Serial.println("Clearing receive buffer");
    delay(1500);
    while(Serial.available()) {
      Serial.read();
      delay(100);
    }
    delay(1500);
  }
}

byte getVal(char c)
{
  if(c >= '0' && c <= '9') {
    return (byte)(c - '0');
  } else {
    return (byte)(c-'A'+10);
  }
}
  • 1
    You need to show code which experiences the problem. Even it not happening to a board with a different USB-serial implementation would not be proof against invalid assumptions in the serial code broken by permissible behavior of the converter or its driver. Of course, a hardware or driver issue is a possibility too, but don't jump straight to assuming that. – Chris Stratton May 31 '16 at 22:13
  • I'll post code shortly – Dave G May 31 '16 at 22:37
  • This mix of delays and buffer flushing is exactly the kind of invalid assumption I was talking about... it is just asking for unreliability, and your while loop that reads with delays could easily never terminate. Instead you should end your commands with something distinct, like a newline, and read until that. Generally you want to avoid flushing - or at least, only flush until a defined endpoint. Also, your description of what you were ultimate doing sounds like trying to use the hardware serial pins for both the USB-serial and the bluetooth, which isn't really workable. – Chris Stratton May 31 '16 at 22:59
  • @Chris I appreciate your feed back on this and yes assumptions are a total foul up on my part. As for the serial, I disconnected the HC-06 when using the monitor – Dave G May 31 '16 at 23:01
  • @Chris ... looking back over this you are 100% spot on with the possible infinite. I'm going to try and gut out some of the stupidity I introduced on this and give it another go. Would you please post an answer so I can at least give you credit for your feedback? – Dave G Jun 1 '16 at 0:27
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The mix of delays and flushing in your code has a high chance of leading to unreliable operation. Consider for example:

Serial.println("Clearing receive buffer");
delay(1500);
while(Serial.available()) {
  Serial.read();
  delay(100);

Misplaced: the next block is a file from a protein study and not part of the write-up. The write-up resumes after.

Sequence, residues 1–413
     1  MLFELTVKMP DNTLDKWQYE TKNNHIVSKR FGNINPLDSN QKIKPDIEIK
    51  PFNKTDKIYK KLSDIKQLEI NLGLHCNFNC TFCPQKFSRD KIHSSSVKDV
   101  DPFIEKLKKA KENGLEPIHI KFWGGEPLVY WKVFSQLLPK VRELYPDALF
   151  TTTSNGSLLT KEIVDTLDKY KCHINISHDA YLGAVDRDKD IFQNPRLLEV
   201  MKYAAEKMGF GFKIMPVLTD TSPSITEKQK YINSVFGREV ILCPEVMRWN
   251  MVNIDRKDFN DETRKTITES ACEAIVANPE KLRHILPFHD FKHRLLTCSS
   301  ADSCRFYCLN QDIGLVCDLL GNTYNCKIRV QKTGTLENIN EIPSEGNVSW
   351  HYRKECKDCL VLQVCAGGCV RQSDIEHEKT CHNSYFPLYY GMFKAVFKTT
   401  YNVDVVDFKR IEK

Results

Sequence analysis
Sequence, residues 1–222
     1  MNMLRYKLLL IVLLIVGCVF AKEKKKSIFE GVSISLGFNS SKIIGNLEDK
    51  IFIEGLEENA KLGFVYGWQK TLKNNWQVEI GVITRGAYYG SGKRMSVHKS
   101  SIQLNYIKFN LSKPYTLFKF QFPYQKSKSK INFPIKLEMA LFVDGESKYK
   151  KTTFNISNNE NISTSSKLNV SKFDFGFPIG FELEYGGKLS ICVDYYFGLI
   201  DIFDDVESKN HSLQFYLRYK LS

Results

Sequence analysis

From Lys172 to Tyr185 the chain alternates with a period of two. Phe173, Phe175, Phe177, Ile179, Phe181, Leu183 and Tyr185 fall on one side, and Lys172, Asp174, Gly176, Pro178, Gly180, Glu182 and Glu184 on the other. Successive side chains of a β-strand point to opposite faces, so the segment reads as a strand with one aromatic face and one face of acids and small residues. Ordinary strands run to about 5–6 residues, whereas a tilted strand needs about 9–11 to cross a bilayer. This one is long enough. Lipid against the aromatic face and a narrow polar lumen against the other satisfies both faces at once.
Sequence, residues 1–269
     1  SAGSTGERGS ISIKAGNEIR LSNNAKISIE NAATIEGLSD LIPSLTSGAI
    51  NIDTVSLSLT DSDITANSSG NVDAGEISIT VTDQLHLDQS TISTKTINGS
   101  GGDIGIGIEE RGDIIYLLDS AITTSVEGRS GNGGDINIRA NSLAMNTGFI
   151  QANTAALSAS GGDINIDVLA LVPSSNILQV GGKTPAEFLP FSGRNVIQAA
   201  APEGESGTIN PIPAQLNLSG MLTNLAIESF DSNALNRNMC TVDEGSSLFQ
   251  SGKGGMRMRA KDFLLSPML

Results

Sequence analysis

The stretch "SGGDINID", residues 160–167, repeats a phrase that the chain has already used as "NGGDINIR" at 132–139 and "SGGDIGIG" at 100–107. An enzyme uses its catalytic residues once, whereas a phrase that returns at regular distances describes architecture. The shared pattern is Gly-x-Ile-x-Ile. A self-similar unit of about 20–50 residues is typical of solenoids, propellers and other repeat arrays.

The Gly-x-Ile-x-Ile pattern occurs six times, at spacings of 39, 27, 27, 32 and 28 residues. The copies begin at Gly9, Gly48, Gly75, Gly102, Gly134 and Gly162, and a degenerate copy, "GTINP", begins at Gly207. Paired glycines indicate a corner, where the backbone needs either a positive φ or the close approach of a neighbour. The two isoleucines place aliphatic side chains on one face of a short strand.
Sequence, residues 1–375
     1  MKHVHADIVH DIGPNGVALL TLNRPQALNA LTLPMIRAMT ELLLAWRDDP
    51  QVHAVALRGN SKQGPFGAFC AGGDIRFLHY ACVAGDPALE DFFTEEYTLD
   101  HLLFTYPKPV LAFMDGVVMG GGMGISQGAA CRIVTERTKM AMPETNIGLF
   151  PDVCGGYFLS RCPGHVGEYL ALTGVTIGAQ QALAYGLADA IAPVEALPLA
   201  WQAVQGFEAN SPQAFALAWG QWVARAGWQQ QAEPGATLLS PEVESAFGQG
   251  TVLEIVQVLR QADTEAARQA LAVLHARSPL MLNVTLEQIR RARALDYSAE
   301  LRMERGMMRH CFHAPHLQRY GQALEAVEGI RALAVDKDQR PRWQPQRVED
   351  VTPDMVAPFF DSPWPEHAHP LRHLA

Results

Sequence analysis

}
delay(1500);

As the loop there can only consume about 10 characters per second, it would be quite easy for something on the far end to produce inputs faster than they are consumed, essentially making the loop infinite.

Time-based delineation of serial messages tends to be quite risky; better reliability is usually had by using a defined delimiting condition - for example, ending each message with a newline character and reading until that is seen.

USB-serial conversion also introduces added challenges for time-based schemes, as it introduces a sense of grouping into packets into a stream which in its native form does not have any.

  • Chris - again thank you for your help on this - I redid the logic gutting out all of the stupidity and got the program stable. This also included adding a serialEvent() implementation and remembering how to properly use the stdc library. Everything was going swimmingly until I think I accidentally shorted out my HC-06 and fried it. It was working fine before that happened and I've got a replacement on the way. – Dave G Jun 2 '16 at 19:45
  • Glad you made progress and sorry to hear about the accidental toasting. Just as a last caution, keep in mind that serialEvent() is not an interrupt or thread of its own - it runs only between calls to loop() so doesn't differ much other than visually from checking availability at some point within your loop. – Chris Stratton Jun 2 '16 at 20:26
  • Thanks for the heads up. I took the code that is detailed in the serial event documentation and it was behaving. – Dave G Jun 2 '16 at 20:30
  • The issue would be with whatever you did in your loop() - serialEvent() can only run when that is done taking up time, and so it can only make data available for the next iteration of loop(). – Chris Stratton Jun 2 '16 at 20:45
  • And that is exactly what I want – Dave G Jun 2 '16 at 20:46